Last weekend we were driving back from our FUN family vacation in Oregon and we came upon the fires. We had been RVing up and down California, so we were intentionally disconnected to the news. The glow in the distance caught my attention, and then my disappointment as we approached LA and had excellent visibility on the extent of the fires. They were out of control and the flood of memories came back. I remember standing outside my home in the middle of a windy night in Escondido watching the burning ball heading in my direction. I remember my husband telling me not to worry, it was so far away. I remember worrying because the winds were ridiculous. Early the next morning we were packing for a quick evacuation. The fires came within a mile of our home, and while our belongings were spared, our lungs were not.
It seems in the wake of that fierce fire, those who weren’t displaced had someone staying in their home that was. I don’t recall anyone in the office feeling that they were unaffected. Some of us knew someone who became suddenly homeless for an extended period of time. Some folks are just now moving into the home they built to replace what was lost in that fire. Some vacant lots still stand vacant. These are the memories that cause our hearts to so immediately and openly go out to the victims of the recent L.A. blazes. And please understand, it is this natural human response of compassion and empathy that con men are counting on to cheat you out of your charitable giving.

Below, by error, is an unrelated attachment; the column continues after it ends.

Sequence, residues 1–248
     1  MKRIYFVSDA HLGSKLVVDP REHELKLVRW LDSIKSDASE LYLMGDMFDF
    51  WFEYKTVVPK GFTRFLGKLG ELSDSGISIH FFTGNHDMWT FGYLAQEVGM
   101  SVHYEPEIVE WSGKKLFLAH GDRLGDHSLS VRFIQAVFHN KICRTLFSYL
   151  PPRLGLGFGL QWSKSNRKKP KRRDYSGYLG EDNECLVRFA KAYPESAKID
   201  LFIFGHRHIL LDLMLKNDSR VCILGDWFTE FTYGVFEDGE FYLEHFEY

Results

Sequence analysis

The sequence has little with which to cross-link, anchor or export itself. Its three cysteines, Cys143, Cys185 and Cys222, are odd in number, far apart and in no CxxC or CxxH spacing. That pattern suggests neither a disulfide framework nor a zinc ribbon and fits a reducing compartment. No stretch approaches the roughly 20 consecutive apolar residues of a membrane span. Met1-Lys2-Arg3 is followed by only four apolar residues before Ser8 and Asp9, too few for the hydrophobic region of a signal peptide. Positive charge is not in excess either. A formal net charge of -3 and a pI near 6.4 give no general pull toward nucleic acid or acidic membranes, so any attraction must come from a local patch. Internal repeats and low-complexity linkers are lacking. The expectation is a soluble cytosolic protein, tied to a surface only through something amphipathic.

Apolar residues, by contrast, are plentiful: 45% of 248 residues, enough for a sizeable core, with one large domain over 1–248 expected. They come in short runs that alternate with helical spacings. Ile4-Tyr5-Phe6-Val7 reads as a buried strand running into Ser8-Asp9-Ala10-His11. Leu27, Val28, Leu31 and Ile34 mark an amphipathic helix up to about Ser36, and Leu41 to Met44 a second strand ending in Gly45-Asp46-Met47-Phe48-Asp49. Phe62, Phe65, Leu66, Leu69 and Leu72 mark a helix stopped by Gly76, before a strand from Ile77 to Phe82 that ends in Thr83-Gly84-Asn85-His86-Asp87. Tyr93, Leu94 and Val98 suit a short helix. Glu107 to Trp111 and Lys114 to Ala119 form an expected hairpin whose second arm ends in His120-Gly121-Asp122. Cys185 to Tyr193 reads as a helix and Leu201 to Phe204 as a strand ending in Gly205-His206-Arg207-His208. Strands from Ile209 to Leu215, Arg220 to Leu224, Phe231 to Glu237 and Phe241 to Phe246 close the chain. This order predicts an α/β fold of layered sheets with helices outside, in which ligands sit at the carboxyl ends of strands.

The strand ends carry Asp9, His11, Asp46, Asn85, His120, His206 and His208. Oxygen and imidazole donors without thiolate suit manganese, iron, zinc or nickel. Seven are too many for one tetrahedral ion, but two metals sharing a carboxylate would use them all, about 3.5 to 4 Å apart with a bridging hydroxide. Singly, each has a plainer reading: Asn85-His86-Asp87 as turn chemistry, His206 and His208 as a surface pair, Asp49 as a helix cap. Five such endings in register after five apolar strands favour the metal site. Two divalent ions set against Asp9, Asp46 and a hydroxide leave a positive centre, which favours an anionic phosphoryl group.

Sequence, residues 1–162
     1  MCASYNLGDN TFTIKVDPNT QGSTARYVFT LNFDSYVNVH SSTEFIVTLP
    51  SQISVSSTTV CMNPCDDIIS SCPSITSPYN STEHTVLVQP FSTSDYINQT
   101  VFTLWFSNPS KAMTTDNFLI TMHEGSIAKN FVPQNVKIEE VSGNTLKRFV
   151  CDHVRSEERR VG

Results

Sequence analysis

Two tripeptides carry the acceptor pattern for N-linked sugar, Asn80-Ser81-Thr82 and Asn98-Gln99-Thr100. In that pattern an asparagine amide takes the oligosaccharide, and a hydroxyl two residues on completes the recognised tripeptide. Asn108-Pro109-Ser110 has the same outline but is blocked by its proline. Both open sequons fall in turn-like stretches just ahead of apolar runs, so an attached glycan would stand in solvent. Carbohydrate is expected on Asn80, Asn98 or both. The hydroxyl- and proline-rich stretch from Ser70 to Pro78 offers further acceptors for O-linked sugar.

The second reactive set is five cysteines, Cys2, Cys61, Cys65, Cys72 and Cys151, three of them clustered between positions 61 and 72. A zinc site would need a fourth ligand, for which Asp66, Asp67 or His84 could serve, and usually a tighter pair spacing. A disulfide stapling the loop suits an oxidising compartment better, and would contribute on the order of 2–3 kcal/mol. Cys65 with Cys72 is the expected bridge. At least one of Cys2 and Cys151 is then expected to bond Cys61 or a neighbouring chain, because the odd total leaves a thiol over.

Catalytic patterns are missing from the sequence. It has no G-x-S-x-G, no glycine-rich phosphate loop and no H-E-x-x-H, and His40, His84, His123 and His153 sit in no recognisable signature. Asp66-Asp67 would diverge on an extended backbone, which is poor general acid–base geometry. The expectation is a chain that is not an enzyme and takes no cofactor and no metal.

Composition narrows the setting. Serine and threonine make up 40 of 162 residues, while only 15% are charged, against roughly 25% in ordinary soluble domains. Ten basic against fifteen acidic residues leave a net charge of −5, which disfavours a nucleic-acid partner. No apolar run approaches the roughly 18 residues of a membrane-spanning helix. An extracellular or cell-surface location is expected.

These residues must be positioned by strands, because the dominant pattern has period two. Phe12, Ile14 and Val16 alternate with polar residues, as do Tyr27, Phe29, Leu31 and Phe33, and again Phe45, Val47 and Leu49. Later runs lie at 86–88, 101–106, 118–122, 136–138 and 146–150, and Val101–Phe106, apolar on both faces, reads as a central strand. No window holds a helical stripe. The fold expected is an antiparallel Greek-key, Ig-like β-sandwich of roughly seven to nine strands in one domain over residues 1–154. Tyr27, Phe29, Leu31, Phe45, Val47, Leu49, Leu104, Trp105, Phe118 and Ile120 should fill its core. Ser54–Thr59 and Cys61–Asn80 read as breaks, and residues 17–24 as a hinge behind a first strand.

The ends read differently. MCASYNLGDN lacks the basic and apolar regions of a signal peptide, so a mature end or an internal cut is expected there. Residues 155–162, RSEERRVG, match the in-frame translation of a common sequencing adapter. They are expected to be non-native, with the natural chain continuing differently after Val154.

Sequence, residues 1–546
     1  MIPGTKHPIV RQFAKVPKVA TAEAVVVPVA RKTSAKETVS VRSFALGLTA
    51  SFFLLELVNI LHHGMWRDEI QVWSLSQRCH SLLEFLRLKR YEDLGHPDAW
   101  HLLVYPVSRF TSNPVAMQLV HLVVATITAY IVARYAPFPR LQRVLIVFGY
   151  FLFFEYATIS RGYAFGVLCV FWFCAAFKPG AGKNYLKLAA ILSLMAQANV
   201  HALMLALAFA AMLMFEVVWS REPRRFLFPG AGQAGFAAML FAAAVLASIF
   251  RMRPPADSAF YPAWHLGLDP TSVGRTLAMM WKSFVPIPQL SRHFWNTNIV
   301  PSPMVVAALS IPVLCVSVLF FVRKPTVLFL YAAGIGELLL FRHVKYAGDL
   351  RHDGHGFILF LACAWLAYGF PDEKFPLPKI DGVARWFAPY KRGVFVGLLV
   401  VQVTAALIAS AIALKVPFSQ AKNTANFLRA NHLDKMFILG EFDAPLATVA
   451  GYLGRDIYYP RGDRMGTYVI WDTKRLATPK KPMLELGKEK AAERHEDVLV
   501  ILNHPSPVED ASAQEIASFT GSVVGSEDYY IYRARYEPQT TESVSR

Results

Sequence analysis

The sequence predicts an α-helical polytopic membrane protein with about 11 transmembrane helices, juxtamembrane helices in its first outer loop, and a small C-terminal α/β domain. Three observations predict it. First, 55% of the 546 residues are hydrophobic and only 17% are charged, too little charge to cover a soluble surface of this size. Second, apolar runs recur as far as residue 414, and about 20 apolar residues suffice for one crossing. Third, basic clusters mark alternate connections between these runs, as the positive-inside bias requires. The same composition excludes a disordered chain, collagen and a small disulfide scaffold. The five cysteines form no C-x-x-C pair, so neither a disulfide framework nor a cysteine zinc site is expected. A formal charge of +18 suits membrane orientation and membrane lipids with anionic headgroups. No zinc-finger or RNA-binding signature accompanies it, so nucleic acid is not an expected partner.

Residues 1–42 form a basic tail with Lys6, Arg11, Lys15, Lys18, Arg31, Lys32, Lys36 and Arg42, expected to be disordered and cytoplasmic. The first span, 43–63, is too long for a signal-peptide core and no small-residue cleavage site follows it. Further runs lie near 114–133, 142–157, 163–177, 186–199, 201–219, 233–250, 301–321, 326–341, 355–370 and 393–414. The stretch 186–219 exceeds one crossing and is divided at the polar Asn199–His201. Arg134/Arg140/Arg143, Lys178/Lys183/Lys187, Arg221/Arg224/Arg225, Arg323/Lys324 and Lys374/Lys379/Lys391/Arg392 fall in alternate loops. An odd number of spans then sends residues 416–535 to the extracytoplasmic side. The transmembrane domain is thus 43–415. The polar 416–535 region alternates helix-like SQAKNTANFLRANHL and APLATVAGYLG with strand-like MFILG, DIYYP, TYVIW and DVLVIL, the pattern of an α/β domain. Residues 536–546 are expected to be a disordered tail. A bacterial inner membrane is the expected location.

Natural disasters provide a great opportunity for a bad guy (or girl) to set up a website or otherwise solicit donations to support the victims of a tragedy. It is compellingly attractive to them because there is no need to provide a product or a service or any follow-up whatsoever. In other words, no accountability. They tell you they are helping the poor innocent victims, and who are you to know otherwise? So you give your hard-earned money out of the goodness of your heart, and they go shopping. It’s disgusting.
Please check out a charity before you give. Give with a check rather than cash so you can track your contributions for tax purposes. Never trust a runner to take your money to the proper entity. Don’t give in to pressure; a legitimate charity appreciates your giving at whatever time is good for you. Keep in mind, some legitimate charities are not equipped to maximize donations for disaster relief. Do a bit of homework and give to those charities that specialize in this kind of service. Be caring, be generous, and please be smart. Check the charity out at bbb.org.